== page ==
My challenge is to understand the confidence we can expect for calculated CO2e emissions.  These results are or soon will be the basis for complying with regulations, and may become the basis for observing caps (limits) and the buying and selling of offsets and credits.

For my purposes, I narrowed my inquiry of the exercise to stationary emission sources that burn natural gas.  I will not try to go into the detail of the calculations here, but characterize them as relatively straightforward and modestly rigorous.  Understanding accuracy or confidence is a matter of understanding the variability (the ‘fuzziness’ in the subtitle) that can arise from all the bits that make up the answer — calculated CO2e emissions.  The ‘bits’ as I call them, fall into three categories: field measurements or records; constants and conversion factors; and Global Warming Potentials (GWP).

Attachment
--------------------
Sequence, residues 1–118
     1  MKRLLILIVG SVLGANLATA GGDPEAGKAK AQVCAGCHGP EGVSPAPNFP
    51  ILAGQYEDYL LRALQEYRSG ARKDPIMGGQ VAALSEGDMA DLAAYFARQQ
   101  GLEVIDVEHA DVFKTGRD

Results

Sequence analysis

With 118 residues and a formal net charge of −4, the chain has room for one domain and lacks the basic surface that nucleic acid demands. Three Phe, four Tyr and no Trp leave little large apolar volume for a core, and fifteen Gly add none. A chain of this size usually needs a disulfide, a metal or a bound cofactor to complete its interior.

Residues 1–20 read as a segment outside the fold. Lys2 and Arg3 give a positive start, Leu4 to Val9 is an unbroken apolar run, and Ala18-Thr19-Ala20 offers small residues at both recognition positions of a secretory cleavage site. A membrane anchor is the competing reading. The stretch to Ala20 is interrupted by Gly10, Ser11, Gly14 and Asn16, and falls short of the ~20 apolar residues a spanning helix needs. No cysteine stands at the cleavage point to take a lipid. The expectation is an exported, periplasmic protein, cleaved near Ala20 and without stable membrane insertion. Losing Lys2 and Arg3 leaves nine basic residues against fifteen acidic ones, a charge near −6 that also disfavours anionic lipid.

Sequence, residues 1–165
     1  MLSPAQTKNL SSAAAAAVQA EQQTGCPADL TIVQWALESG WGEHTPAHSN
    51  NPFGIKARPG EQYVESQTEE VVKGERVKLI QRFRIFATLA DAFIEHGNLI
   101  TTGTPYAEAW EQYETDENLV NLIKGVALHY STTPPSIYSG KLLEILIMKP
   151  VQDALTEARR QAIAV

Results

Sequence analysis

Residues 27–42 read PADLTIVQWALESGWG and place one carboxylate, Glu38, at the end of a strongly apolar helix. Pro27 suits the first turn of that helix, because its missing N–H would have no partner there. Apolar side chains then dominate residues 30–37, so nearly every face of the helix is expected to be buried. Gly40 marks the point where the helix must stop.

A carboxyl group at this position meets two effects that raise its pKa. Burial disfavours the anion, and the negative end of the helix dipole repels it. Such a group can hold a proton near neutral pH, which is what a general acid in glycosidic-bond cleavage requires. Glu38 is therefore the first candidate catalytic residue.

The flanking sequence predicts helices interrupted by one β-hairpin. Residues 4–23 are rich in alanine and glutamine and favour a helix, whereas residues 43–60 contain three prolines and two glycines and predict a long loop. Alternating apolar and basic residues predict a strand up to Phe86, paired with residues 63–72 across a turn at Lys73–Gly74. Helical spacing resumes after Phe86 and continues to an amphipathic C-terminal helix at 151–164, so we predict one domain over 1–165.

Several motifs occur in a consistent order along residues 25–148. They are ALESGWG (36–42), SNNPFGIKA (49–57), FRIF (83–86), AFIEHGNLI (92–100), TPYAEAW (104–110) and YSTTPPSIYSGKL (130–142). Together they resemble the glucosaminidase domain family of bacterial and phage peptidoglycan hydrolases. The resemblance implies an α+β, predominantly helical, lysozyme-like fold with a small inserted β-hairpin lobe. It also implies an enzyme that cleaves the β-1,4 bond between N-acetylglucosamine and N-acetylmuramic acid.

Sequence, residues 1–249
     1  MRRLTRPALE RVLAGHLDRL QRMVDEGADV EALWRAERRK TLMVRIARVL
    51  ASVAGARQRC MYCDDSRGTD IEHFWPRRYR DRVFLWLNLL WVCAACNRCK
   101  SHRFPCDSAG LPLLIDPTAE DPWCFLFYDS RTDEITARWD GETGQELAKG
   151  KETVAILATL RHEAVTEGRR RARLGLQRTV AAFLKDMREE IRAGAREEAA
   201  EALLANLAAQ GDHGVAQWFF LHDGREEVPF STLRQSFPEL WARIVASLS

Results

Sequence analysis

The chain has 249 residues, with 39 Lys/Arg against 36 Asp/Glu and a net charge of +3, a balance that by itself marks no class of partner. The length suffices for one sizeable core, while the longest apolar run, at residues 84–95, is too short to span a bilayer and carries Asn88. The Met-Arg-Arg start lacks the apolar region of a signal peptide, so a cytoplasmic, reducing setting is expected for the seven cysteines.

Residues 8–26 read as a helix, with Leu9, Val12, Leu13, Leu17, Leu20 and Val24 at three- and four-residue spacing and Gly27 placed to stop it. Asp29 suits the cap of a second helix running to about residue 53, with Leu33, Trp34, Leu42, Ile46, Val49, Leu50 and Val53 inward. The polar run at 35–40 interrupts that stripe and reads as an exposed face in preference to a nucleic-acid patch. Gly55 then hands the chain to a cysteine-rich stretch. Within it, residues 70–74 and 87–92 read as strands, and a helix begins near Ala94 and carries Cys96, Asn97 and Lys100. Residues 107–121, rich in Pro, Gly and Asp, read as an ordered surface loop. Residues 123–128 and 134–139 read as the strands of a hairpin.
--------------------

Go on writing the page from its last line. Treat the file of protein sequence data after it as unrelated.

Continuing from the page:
I frame this discussion to be about uncertainty, rather than the other side of the coin, accuracy. I quantify uncertainty as the amount added or subtracted from a stated value that defines a range where 95% of the time a result can be expected to fall within that range.  For statistically normal distributions of samples, this is approximately 2 standard deviations.

Sources of Uncertainty

The constants and conversion factors involved generally are derived from first principles,  can be accepted as fixed and not subject to uncertainty (without redefining our understanding of chemistry). Fuel gas measurement, fuel gas composition and percent combustion are subject to uncertainty, and factors are assigned consistent with typical measurement technologies, fuel system variabilities and equipment performance, respectively.  Uncertainty is always present in these numbers, though we are adept at ignoring it.  We are particularly prone to accepting numbers verbatim from instruments we do not understand and computers.